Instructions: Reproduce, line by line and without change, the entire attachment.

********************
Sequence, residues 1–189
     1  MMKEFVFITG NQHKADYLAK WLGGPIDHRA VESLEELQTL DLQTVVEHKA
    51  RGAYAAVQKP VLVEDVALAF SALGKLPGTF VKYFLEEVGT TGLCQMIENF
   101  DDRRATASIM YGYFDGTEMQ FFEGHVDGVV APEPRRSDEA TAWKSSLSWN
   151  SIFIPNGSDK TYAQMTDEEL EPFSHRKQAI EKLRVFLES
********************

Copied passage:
Sequence, residues 1–189
     1  MMKEFVFITG NQHKADYLAK WLGGPIDHRA VESLEELQTL DLQTVVEHKA
    51  RGAYAAVQKP VLVEDVALAF SALGKLPGTF VKYFLEEVGT TGLCQMIENF
   101  DDRRATASIM YGYFDGTEMQ FFEGHVDGVV APEPRRSDEA TAWKSSLSWN
   151  SIFIPNGSDK TYAQMTDEEL EPFSHRKQAI EKLRVFLES